Model of Consecration: Frodo (V)

Meditation of the Day

Frodo’s free decision to accept the Lady Galadriel’s invitation to look in her Mirror is a choice to adopt a contemplative stance, like hers. For him it functions as a rite of passage into the prophetic realm. Although he may have initially preferred to be given more straightforward advice about what he should do, he trusts in her deeper wisdom, and joins her in gazing upon “things that were, things that are, and things that yet may be.” His contemplation is not immediately gratifying, since he has only partial awareness of the meaning of the images that are revealed to him. Among other prophetic visions, he is shown Gandalf, whom he dearly loves and has been elegizing, but with no way of knowing for certain that it is he. Then the visions shift from the hopeful-yet-ambiguous to the horrific, as he beholds the Eye of Sauron and knows that it is searching high and low for him. Galadriel’s response suggests that whatever Frodo may think of his own wisdom, his experience with the Mirror reveals that he belongs to the most elevated circle—those who can be trusted with knowledge of the highest secrets. “Your sight is grown keener,” she tells him. “You have perceived my thought more clearly than many that are accounted wise.” Moreover, he is able to see her ring, Nenya, which Sam cannot.

Those who are unfamiliar with the true nature of prayer may imagine that it is a pleasant, restful respite from the demands of life in this world, a form of daydreaming or escapism. In actuality, prayer is a dangerous voyage into the heart of reality, which includes the cosmic conflict between light and darkness, order and chaos, good and evil.[1] Like Frodo, those who dare to enter the prophetic realm will not remain unscathed. They need a wise, compassionate mentor to guide them through the perils of this adventure, to assist them in the delicate task of interpreting the images, words, and other symbols that will be uncovered. Mary, Queen of Prophets, Contemplative Warrior, is prepared to mentor us in this manner, if we will put our trust in her.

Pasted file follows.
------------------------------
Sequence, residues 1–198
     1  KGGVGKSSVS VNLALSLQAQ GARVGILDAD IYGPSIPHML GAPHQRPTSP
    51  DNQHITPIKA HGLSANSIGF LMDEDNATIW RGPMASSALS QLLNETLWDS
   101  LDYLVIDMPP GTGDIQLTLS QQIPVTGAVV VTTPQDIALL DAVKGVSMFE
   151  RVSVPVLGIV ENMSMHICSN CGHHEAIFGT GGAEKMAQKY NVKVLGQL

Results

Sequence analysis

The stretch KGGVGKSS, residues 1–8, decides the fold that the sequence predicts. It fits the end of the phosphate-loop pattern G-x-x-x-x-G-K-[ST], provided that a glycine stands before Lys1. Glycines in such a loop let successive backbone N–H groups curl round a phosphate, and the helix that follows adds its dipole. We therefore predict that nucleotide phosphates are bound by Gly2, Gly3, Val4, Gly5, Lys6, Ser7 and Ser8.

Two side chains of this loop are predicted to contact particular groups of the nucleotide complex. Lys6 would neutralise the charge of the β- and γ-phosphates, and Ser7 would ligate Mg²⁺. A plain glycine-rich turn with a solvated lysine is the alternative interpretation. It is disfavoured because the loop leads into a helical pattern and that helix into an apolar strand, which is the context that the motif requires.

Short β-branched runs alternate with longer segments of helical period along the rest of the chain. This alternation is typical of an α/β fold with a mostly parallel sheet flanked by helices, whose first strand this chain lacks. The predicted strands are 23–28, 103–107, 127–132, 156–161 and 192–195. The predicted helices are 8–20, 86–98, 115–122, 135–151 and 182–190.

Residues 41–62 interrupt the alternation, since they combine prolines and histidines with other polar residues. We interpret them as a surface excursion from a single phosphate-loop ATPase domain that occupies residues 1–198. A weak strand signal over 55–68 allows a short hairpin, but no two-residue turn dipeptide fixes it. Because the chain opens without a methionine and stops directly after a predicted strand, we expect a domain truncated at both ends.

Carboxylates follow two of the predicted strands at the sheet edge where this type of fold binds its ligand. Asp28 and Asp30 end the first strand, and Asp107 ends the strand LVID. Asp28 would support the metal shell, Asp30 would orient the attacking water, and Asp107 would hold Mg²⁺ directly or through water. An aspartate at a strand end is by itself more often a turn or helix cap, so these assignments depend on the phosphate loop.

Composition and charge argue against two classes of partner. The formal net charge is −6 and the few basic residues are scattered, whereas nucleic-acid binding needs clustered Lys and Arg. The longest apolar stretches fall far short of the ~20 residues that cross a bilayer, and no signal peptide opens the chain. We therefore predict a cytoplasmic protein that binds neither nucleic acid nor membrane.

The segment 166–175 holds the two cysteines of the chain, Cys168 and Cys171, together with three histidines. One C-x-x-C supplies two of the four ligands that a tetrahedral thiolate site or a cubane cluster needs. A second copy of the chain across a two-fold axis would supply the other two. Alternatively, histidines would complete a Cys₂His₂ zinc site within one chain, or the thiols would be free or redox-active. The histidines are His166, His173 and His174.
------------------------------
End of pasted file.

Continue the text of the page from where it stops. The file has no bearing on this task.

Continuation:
O beloved Mother,
you know the ways of holiness and love so well,
teach us to often raise our minds and hearts to the Trinity,
fixing our respectful and affectionate attention on the Father, the Son and the Holy Spirit.

And since you guide us along the path to eternal life,
stay close to us poor pilgrims, open your arms to us,
turn your merciful eyes towards us, bring your clarity to us, cover us with your sweetness,
take us into light and love and always help us go a step further and higher into the splendours of heaven.

May our peace remain undisturbed and may the thought of God be always on our minds.
May every new minute take us deeper into the depths of your venerable mystery until the day that our fully radiant souls, illuminated by the divine union, will see all things in the eternal Love and Unity.

Ven. Marthe Robin (1902-1981)

Musical Selection

Action Points

  • Identify the top obstacles that stand between you and a life of deeper prayer; then specifically entrust each one to Our Blessed Lady’s wise and gentle guidance.

To Go Deeper

[1] “Prayer is both a gift of grace and a determined response on our part. It always presupposes effort. The great figures of prayer of the Old Covenant before Christ, as well as the Mother of God, the saints, and he himself, all teach us this: prayer is a battle. Against whom? Against ourselves and against the wiles of the tempter who does all he can to turn man away from prayer, away from union with God. We pray as we live, because we live as we pray. If we do not want to act habitually according to the Spirit of Christ, neither can we pray habitually in his name. The ‘spiritual battle’ of the Christian’s new life is inseparable from the battle of prayer” (Catechism of the Catholic Church, par. 2725).


Leave a Reply

Fill in your details below or click an icon to log in: Logo

You are commenting using your account. Log Out /  Change )

Facebook photo

You are commenting using your Facebook account. Log Out /  Change )

Connecting to %s